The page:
The mayor's letter was sent August 20th, but the Mette family didn't find out about it until this week, when Police Superintendent Jody Weiss gave them a copy of the letter.
"I don't think it will make a difference," said Bob Mette, who was a Chicago police detective for 32 years. Cook County State's Attorney Richard Devine, Chicago Police Superintendent Jody Weis and others wrote to Culver, imploring him to pardon Mette and they all received what Bob Mette calls a "political blow-off letter saying the governor can't get involved with a case in the system."
ABC 7 has contacted Mayor Daley's office and is awaiting a reply.
Last week, Mette heard some encouraging words from an Iowa official. During Mette's September 11th, appeals court hearing on his controversial assault conviction, Iowa Justice Terry L. Huitnick seemed to support Mette's contention that he acted in self-defense.
Justice Huitnick said, "It's impossible to conceive under the circumstances" that Mette could have done anything other than protect himself, when a drunken man chased him down a Dubuque street and attacked him. "It appears to me that the folks were in such close contact that it would have been impossible to escape."
Officer Mette was asking Iowa's Court of Appeals to reverse his conviction and dismiss the assault charge against him, claiming it was self-defense. Wednesday October 1st is the earliest an opinion from the appeals board would be made public. Opinions are filed every other Wednesday.
That day 40 Chicago police officers rode a bus from Chicago to Des Moines in support of fellow officer Michael Mette, they and other Mette supporters are "cautiously optimistic" that he may soon see freedom.
Among Officer Mette's supporters are some high-profile Iowans, including Des Moines Register newspaper columnist John Carlson, who believes Mette was defending himself and should not have been put in jail. In an August 10 column, Mr. Carlson wrote, "The undisputed facts, the verdict and the sentence should make all of us queasy. Maybe even ashamed. Mette should be allowed to go home, with our apologies."
The case has caused a backlash in Chicago, where Cook County State's Attorney Richard Devine and Chicago Police Superintendent Jody Weis wrote to Iowa Gov. Chet Culver asking that he pardon Mette.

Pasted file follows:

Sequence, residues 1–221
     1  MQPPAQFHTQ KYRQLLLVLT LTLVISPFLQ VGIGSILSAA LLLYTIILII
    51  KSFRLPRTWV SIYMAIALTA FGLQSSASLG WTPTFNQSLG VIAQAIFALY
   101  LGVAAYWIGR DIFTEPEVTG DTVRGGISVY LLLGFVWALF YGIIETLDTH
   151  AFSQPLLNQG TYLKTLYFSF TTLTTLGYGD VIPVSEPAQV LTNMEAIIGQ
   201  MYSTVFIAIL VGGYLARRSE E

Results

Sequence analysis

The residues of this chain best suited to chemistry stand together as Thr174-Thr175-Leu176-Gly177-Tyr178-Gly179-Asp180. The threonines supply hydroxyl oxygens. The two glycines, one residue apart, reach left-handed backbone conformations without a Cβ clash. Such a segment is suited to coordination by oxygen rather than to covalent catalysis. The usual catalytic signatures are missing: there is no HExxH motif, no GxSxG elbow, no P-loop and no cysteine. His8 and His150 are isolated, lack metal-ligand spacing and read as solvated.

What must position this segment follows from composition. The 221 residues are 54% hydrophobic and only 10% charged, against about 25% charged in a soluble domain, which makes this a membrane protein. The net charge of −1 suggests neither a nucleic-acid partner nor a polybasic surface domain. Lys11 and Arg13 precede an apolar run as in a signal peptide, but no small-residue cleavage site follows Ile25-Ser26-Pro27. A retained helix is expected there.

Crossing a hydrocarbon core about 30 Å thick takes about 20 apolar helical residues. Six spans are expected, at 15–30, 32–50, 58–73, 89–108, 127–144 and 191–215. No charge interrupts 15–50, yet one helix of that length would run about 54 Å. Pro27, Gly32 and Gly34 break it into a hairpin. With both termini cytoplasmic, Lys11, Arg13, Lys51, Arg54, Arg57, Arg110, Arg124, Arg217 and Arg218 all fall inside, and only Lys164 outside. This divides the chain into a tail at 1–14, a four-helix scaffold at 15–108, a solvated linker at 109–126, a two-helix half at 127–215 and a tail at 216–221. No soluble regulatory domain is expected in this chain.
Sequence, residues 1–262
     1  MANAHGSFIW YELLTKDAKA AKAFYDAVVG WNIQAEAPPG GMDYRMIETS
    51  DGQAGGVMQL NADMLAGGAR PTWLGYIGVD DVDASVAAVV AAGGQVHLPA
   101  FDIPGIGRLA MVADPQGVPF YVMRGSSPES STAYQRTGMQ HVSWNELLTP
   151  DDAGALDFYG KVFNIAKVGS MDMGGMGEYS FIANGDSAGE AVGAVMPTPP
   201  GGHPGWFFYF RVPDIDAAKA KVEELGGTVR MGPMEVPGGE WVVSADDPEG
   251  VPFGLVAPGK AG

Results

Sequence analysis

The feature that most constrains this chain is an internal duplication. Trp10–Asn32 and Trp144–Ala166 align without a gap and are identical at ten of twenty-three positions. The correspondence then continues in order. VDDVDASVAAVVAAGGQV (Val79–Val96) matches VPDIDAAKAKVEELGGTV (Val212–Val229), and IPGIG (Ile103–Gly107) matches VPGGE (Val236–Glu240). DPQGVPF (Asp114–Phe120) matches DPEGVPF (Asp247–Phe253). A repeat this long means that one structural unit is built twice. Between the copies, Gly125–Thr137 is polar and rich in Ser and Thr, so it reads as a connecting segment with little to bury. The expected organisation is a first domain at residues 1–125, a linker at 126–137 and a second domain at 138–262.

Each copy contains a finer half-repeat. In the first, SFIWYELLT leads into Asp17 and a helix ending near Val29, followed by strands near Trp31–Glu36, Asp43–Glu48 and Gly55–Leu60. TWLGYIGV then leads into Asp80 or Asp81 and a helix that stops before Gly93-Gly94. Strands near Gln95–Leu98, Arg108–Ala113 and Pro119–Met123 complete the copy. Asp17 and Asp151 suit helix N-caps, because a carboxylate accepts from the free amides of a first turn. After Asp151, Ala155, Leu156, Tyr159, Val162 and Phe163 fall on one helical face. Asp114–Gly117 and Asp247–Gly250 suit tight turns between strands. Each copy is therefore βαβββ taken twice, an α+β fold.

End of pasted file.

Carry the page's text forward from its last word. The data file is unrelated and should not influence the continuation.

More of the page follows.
After returning from Thursday's hearing at the Iowa Court of Appeals in Des Moines, the "Michael Mette Defense Fund" Web site reported that "The Dubuque County prosecutor's office stood by their guns that the case was prosecuted fairly and that Mike's charges and sentencing should stand. The prosecutor once again admitted to the three sitting justices that, 'Mike was not the aggressor in this instance', but that Mike should have opted to several of the following choices:
1.He should have run away.
2. Drove away in a nearby vehicle, which he did not have the keys to.
3. Called 911, with a phone that he did not possess at the time.
4. Ran into the house and last but not least.
5. As the prosecutor put it "verbally mediated the situation".
One Justice felt that with the incident occurring so rapidly, that it was "impractical for Mike to walk away."
Mike's attorneys, Mark McCormick and Randy Rueckert, who did an outstanding job with their arguments, cited Iowa law, which basically gives an individual the right to protect himself or others from a physical attack. They cited the severity of the injuries sustained by Jake Gothard, arguing that the initial treating physician was not qualified enough and did not have the proper equipment to diagnose Jake's injuries as life threatening!
The wait is on!
As Mette's supporters wait for a ruling on his appeal, that could come as early as next week, the defrocked CPD patrolman remains jailed at North Central Correctional Facility in Rockwell, Iowa, about an hour northwest of Des Moines. The above prison photo of Mette was taken in June and provided to ABC7 Friday by state officials.
North Central houses about 475 medium and minimum custody inmates who have been classified as low-risk offenders. According to prison officials, inmates there are "assigned in general janitorial work, maintenance of the grounds, care of the extensive yard area and gardens, which produce in excess of 30,000 pounds of vegetables annually, assist the instructors in the educational programs so that other inmates can learn, act as cooks and kitchen helpers in the food service operation, and are employed in the maintenance department, as well as in outside work assignments."
In Friday's Des Moines Register column, John Carlson noted that Mette's parents Bob and Pat were heading west from Des Moines to visit him and report on how things went at the appeals court hearing.
"He'll no doubt be pleased so many from Chicago came to Iowa to show their support," Carlson wrote.
"He should also know a lot of Iowans will feel the same way when they hear his story."